TAMPA — It’s a sticky Sunday, high 80s, just uncomfortable enough to get people thinking about kids and schools and air conditioning.
Three women have armed themselves in a Palma Ceia kitchen with palm cards and talking points for a foray into political action.
Like others around Hillsborough County, they are tired of dilapidated conditions in their children’s schools. Hope exists in a half-cent sales tax for air conditioners, roofs and other capital needs.
With a shoestring budget, the organization backing the Nov. 6 referendum — Strengthen Our Schools — cannot afford companies that pay people to knock on doors. Instead, SOS is relying on more than a dozen parent groups like this one.
But, in a time and space where many voters are disgusted with politics, can they make an impact?
"I have never put a yard sign on my lawn," says Kristina O’Kelley, who works in real estate and has a first grader at Roland Park K-8 School.
"I always vote. But I have never been as passionate as I am about this."
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Five will walk today up and down W San Rafael Street: O’Kelley, pharmacist Jamie Watkins, psychologist Alina Font, and daughters Anderson O’Kelley and Elizabeth Watkins, both 6.
They’ve chosen O’Kelley’s block because people they know are less likely to slam the door as they practice their pitch.
Barbara Landry greets them warmly from her corner house, charmed when the girls pull cards out of a rainbow-striped bag.
"I’ve been looking online to see what all those amendments mean, because some of them are confusing," Landry says.
The women tell her the schools item is last on the ballot. They tell her where she can vote early. They discuss her cataract surgery. As for those amendments, they recommend a League of Women Voters guide.
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O’Kelley, Font and Watkins are part of a loose network of parents who mobilized after the Feb. 14 murders at Marjory Stoneman Douglas High School. They watched as the Legislature considered arming teachers, then ordered schools to provide security, but allocated only 47 cents per student to pay for other major education expenses.
Then their own kids returned in August to hot schools. Parents sweated through the BooHoo Breakfast at Roland Park. "It was an awakening," says Font, who has a son in the fourth grade.
The Roland Park problem was short-lived. But it pained O’Kelley to drive by majestic Plant High School and see tubes in the windows, a temporary fix for that school’s air conditioning problems.
"I want the best for this community," she says. "We enjoy living in this neighborhood, and realizing the property values that we do for a reason, and it’s for our public schools."
As they canvass the block, O’Kelley does most of the talking, and the other moms do not object. She tells her neighbors the tax can be used only for infrastructure, that each school knows what it will buy, and there is a blue-chip oversight committee.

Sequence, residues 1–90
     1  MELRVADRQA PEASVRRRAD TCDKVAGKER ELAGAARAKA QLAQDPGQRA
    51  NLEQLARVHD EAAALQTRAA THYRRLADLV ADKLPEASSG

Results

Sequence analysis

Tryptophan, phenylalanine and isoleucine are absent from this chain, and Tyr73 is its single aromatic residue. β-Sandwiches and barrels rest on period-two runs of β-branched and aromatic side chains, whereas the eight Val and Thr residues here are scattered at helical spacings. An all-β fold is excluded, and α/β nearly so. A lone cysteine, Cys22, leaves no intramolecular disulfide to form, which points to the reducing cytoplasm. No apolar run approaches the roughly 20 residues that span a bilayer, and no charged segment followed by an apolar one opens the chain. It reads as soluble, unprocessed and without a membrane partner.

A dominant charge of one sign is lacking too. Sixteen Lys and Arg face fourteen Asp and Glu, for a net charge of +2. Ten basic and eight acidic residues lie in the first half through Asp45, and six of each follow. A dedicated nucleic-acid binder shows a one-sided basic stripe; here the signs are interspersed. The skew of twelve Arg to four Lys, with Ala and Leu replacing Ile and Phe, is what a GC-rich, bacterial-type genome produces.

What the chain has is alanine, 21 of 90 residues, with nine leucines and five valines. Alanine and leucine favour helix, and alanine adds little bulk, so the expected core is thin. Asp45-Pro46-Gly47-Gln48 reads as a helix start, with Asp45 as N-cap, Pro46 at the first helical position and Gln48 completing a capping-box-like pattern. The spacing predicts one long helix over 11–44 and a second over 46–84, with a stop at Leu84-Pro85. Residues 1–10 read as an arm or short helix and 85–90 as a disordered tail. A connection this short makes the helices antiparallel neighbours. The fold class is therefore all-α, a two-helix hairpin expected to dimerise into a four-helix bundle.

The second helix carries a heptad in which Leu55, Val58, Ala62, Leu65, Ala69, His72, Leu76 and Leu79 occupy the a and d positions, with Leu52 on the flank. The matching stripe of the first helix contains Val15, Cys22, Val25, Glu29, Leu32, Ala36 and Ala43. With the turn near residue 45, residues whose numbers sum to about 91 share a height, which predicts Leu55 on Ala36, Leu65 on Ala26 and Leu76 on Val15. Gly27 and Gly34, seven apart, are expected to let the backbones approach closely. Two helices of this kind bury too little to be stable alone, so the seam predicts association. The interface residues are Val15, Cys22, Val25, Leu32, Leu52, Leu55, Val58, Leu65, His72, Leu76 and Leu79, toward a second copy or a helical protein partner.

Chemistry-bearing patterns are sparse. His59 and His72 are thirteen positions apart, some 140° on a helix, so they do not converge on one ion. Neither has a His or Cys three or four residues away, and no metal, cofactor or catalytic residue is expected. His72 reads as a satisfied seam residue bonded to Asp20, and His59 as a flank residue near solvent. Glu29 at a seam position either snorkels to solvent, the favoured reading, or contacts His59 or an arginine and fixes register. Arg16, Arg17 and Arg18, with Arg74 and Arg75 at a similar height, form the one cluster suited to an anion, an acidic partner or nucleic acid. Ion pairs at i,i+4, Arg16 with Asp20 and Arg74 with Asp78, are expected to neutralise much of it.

At a few stops, no one answers the door. They leave cards tucked in door jambs.
Homeowner Conchita Root compliments the children for being "such good citizens." She says she will "absolutely" support the tax.
The owner of a tan cottage asks, "what are we selling?" and then wonders if he should sign a petition. Just vote, the group says.
After small talk about the neighbor’s cat, they cross the street to Bill Stuart’s house. A transplant from New York, Stuart has a daughter who is a teacher.
"We want this, not just for our students, but for our hardworking teachers," Font assures him.
Not all visits are successful.
Some neighbors say they already voted.
Gretchen Whalen tells them, "I’m still not entirely sure. I’m a tax accountant. So I think about the business impact as well."
They debate the broader question of what the local economy will be like if Hillsborough’s schools cannot keep pace with those in Orange County, Manatee County and all the others where voters already have approved similar measures.
Watkins later wishes she had told Whalen the Greater Tampa Chamber of Commerce backed the tax. So how could it be bad for business?
They realize some in the community think the School Board is a joke. Not everyone trusts the administration either.
But the consensus among the door-knockers is that schools matter more than any of that.
This is a conservative step, they point out — just a half cent, and only for 10 years.
"I think for me, personally, I felt better when I knew there was a plan, school-by-school, and there was an oversight committee," O’Kelley says.
"These are good people — people who have business acumen, but also care about kids and are invested in the community."
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After a little more than an hour, the group begins to splinter. The children are hot. They want popsicles.
A gathering is planned later, where other groups like theirs will consider next steps beyond their own neighborhoods.
Watkins does not make that meeting. But, the next morning she says without hesitation:
"Yes. I would go out and do it again."
Contact Marlene Sokol at (813) 226-3356 or [email protected] Follow @marlene sokol